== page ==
Today is a day that perennially goes down in cultural infamy. For many of the youth in modern culture, April 20 or “4/20” has become associated with the use and celebration of marijuana.
April 20, as well as marijuana in general, has played a recurring role in popular culture since the days of the 1969 film “Easy Rider,” and more notoriously the “Cheech & Chong” film series, which featured the comedy duo of Cheech Marin and Tommy Chong cleverly lampooning everything from drug trafficking to Mexican stereotypes.
While the “Cheech & Chong” series lost its cultural relevance after several middling sequels, many filmmakers, musicians and even comedians have picked up where they left off, blazing the trail for more intelligent, even thought-provoking takes on marijuana in today’s culture.
Scene & Heard takes a look at a few of the films and television shows that have made marijuana more than just a punch line.
“Dazed and Confused” (1993)
While films like 2008’s “Harold & Kumar: Escape From Guantanamo Bay” where able to adapt the clever social satire found in the early “Cheech & Chong” films, at its heart “Harold & Kumar” still falls into the subgenre of stoner comedies.
In 1993, “Slacker” director Richard Linklater wrote and directed “Dazed & Confused,” a film that set precedent for all stoner comedies to come. “Dazed” broke the mold, acting as a ’70s period piece, a touching coming-of-age story and a satire of high school hierarchy.
“Pulp Fiction” director Quentin Tarantino cited “Dazed” as one of the ten best films of all-time in a 2002 issue of “Sight & Sound,” and “Dazed” has achieved a substantial critical and cult following since its 1993 release. Films like “Harold & Kumar” prove that stoner comedy can still be poignant, it just is hard to duplicate a film like “Dazed.”
“Super High Me” (2007)
Stand-up comedian Doug Benson is well known for talking about pot. His entire set revolves around the idea that he is perpetually stoned, and while it sometimes may feel more like a part of his act than his actual personality, 2007’s “Super High Me” proved that he has an addictive relationship with marijuana.
Following in the footsteps of Morgan Spurlock’s McDonald’s skewing documentary “Super Size Me,” Benson remained marijuana free for thirty days, then spent the following thirty days indulging in the drug he was able to legally obtain from California dispensaries.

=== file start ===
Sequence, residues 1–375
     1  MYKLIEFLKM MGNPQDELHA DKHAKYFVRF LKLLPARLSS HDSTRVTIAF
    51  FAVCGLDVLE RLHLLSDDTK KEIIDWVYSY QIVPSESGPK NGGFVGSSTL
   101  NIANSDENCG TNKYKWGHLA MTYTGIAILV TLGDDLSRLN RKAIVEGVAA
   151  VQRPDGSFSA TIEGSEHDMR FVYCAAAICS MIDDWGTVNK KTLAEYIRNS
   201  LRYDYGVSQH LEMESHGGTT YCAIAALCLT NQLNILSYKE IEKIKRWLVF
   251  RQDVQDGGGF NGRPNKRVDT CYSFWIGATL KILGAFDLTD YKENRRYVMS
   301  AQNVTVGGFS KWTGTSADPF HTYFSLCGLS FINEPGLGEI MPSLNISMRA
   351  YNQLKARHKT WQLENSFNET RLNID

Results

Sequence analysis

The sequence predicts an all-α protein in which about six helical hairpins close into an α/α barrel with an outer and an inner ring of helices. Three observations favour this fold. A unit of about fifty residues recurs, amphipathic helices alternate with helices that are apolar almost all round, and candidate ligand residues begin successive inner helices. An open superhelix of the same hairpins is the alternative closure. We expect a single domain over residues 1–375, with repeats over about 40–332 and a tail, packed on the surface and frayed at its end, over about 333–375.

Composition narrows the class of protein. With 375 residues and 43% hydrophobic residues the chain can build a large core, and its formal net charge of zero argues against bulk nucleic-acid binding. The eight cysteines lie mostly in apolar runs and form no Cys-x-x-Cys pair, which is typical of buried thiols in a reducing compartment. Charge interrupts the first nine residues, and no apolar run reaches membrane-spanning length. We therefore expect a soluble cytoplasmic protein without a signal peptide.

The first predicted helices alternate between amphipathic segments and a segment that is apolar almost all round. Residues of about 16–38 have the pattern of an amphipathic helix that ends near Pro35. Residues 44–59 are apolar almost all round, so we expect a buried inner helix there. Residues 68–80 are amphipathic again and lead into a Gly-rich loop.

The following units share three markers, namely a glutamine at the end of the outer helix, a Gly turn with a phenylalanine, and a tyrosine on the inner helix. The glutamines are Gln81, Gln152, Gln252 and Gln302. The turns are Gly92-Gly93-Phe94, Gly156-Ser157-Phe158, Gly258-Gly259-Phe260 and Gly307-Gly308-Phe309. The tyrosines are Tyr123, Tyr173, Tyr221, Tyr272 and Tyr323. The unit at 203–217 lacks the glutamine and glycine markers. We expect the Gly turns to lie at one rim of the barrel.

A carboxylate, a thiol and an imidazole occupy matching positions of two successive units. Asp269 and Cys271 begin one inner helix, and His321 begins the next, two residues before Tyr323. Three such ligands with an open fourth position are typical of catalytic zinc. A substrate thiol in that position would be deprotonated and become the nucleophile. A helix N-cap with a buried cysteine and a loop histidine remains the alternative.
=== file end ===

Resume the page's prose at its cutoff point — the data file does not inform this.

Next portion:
“Super High Me” acts as much more than another marijuana joke in Benson’s comedic routine, in the end it actually makes for both a well-made and insightful documentary.
“Chokin’ and Tokin'” Episode of “Freaks & Geeks” (1999-2000)
Long before director Judd Apatow made the 2007 comedy blockbuster “Knocked Up,” which featured a marijuana obsessed Seth Rogen, he wrote the episode “Chokin’ and Tokin'” for the cult television series “Freaks and Geeks.”
In “Chokin’ and Tokin,'” former bookworm Lindsay Weir is pressured into taking marijuana for the first time, and finds little to enjoy about the experience. When she tries it again, she is whirled into a neurotic spiral of forgotten responsibility, irrational fear and a hysteric freak-out.
While the episode plays a little too much like a Public Service Announcement, it offers a subverting message about the drug. Lindsay doesn’t meet her death at the hands of marijuana, she simply realizes that perhaps the peer pressure and side effects just don’t do much for her.
Nancy Botwin, played by Golden Globe-winning actress Mary Louise Parker, wasn’t expecting her husband to die and leave her with two children in the scenic town of Agrestic, California.
Botwin takes up marijuana dealing as a way to maintain her comfortable life in Agrestic, and over the course of a few seasons becomes a prominent international drug cartel.
The show certainly has its moments of hilarity, but besides its unique premise and satirical prowess, it’s also a moving and engaging family drama. “Weeds” will be returning for its seventh season on Showtime June 27.